Back in the misty mountains of the past.

I am a crazy bird lady. Luckily, I have a crazy bird man as a husband, and we keep our parrots and finches and other winged creatures in happy harmony. Lots of people look at us and wonder how the bird craze started. Well, it’s like this . . .

I had a friend who adopted a puppy, and then had to go out of town for 6 weeks of job training. I happily took care of her sweet little Sheltie, and as a thank you, she purchased a cockatiel for me from the now-defunct Ramona Bird Farm.  I decided I wanted a cockatiel due to their small size, easy care, and friendly dispositions.  I got to know them when my niece started keeping them.

I also had a friend whose parental unit raised zebra finches, and I spend many weekends watching them in her aviary.  They were so quick, and had a sweet little call,  I was in love, and soon obtained a pair of finches. The finches were given a wicker basket nest and materials, and soon had three rosy eggs in the nest. I was excited beyond belief. But apparently so was the male zebra finch. When the eggs hatched, he began attacking the hen and keeping her away from the babies. As she sat limply in the bottom of the cage, I decided to take her out and keep her in a separate cage. Well, I was a novice. Someone said to me, why didn’t you take the male out? That would have worked, probably.

In any even, the weather turned really cold, the female expired, and the male didn’t feed the chicks or sit on them. They soon followed their mother out of this world.  Sadly, I disposed of the hen and her babies, and decided not to breed any more at that time. But something really wonderful happened. The overly excited male, Don Quixote, became very used to me and didn’t flutter or become startled when I came to the cage to freshen food and water. Being a novice, I didn’t know how awesome that was. But after he passed on, some years later, I got another pair, and had to deal with their panicked flights around the cage if I even looked at them!

I had the cockatiel for 21 years.  I remember going to the bird farm and choosing him because he was within the budget set by my friend.  He was parent-raised, not hand fed, and therefore $20 less than the next cage full.  The clerk pulled him out of the cage, and was ringing up the supplies when I asked if he could tell the sex of the bird.  Without ceremony or benefit of clergy, the clerk stuck a finger up the bird’s vent, which is the anal opening on a bird.  This action was much to the bird’s displeasure.  “It’s a male,” he said, and went back to ringing up the order.  I learned later that the female bird will usually have a wide, curved pelvic bone, while a male will have a shorter span with a point to it.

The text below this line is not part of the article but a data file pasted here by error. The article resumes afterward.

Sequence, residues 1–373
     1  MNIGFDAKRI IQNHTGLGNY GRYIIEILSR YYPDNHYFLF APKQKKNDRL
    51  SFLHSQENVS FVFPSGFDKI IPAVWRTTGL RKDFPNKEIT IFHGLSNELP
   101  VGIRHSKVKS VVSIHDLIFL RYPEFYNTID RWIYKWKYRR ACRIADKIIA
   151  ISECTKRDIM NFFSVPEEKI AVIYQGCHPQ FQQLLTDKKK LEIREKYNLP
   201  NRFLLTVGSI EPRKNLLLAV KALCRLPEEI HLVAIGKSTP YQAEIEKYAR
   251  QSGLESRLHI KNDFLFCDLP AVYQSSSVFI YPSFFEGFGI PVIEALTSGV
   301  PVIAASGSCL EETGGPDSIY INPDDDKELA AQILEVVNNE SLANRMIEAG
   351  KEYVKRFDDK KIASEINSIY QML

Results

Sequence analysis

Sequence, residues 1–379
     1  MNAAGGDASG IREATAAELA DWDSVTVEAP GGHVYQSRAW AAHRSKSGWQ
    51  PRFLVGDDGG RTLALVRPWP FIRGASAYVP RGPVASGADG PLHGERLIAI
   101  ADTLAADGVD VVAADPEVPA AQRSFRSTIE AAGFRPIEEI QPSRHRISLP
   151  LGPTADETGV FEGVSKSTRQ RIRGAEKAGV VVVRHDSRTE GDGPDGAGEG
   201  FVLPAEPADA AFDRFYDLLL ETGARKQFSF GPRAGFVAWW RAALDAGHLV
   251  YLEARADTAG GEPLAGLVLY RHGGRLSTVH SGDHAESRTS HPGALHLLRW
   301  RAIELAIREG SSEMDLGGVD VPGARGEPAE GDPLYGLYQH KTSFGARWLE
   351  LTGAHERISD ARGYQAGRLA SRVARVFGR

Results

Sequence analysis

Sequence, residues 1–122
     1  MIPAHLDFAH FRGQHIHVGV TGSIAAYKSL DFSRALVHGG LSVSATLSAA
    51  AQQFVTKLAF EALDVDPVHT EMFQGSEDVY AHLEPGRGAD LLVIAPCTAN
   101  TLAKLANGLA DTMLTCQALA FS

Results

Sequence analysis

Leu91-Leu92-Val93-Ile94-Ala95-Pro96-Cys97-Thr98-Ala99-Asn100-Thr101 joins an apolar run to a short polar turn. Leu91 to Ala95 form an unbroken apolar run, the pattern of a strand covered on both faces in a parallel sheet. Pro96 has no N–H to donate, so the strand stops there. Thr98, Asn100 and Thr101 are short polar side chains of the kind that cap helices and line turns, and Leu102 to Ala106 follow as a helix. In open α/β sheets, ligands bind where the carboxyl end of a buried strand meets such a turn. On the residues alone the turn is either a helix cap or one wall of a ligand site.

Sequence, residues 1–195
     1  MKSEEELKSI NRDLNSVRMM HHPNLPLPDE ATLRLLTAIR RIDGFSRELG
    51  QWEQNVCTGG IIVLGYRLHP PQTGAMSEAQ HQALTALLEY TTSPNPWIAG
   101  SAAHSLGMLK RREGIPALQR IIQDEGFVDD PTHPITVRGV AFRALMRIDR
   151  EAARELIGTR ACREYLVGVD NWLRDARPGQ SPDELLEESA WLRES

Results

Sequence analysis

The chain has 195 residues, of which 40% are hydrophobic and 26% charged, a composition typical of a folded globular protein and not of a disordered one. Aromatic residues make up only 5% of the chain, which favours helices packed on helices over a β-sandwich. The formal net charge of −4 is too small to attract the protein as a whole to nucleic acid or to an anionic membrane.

I named the bird Palafox, because I was working as a temp file clerk, and had seen the name and , well, I just liked it.  Palafox settled in to a happy routine with a good-sized cage and seed, and leaves from the peach tree in our back yard.  But he never liked hands.  I could not reach into the cage, could not pick him up.  If he came out, he would climb on a shoulder if one was offered.  He loved to inspect ears and eye glasses, and even learned a trick.  My roommate at the time would open her mouth, and Palafox would look around inside her mouth.  Cute.

Cockatiels are flock animals, and since we were not home for many hours of each day, I wanted to find a companion for him.  Also my niece was breeding tiels and budgies, and had good luck with them.  So my sister gave me one of my niece’s birds, a pretty yellow cockatiel which is the color mutation called lutino.  Her name was Chipper, but   I changed it to Paradise, as that was another name I had seen in the files at my job.  I like patterns.

Palafox hated her at first sight.  He may have been better off being a singe bird after all, but Paradise was here to stay.  I had hoped that once their hormones kicked in, come spring, they would get over their mutual dislike, but no.  Come spring, Palafox relieved himself on a fork in the natural perch in the cage, and Paradise back her vent into the pointy corner of a seed cup. I guess that was the bird equivalent of a dildo. Safe sex was not what I had hoped for.  But short of finding some bird porn and showing them the films, I didn’t know what to do.  And they didn’t seem to care one way or the other.

I never felt that if you owned birds, you should not own cats.  And my roommate and I got kittens shortly after I brought Palafox home.  My kitty, Hunter, was a beautiful black and white kitty, mostly white but with black ears and a black tail.  As a kitten, he stuck his nose into Palafox’s cage, and received a nasty bite on that nose.  From that time on, he wouldn’t even look at the cage or the cockatiels.  Of course, we were careful to not have the birds out of the cage when the cats were inside, so there were no dangerous situations for any of the animals.

That was nearly 30 years ago, and since then I got married, raised two children, and began to acquire birds to stave off the empty nest feeling. We have African grays, conures, cockatiels, rosy bourkes, love birds, doves, button quail, parrotlets, society finches, canaries, and, oh yes, zebra finches. Paradise left this world after only a few years with me, but Palafox lived to be 21 years old.  He had a few more cage mates, but never really accepted that he was a bird, like they were.  He continues to hold the record for long-lived birds in my flock.

I hope you will come back and read more stories about my sweet birds.

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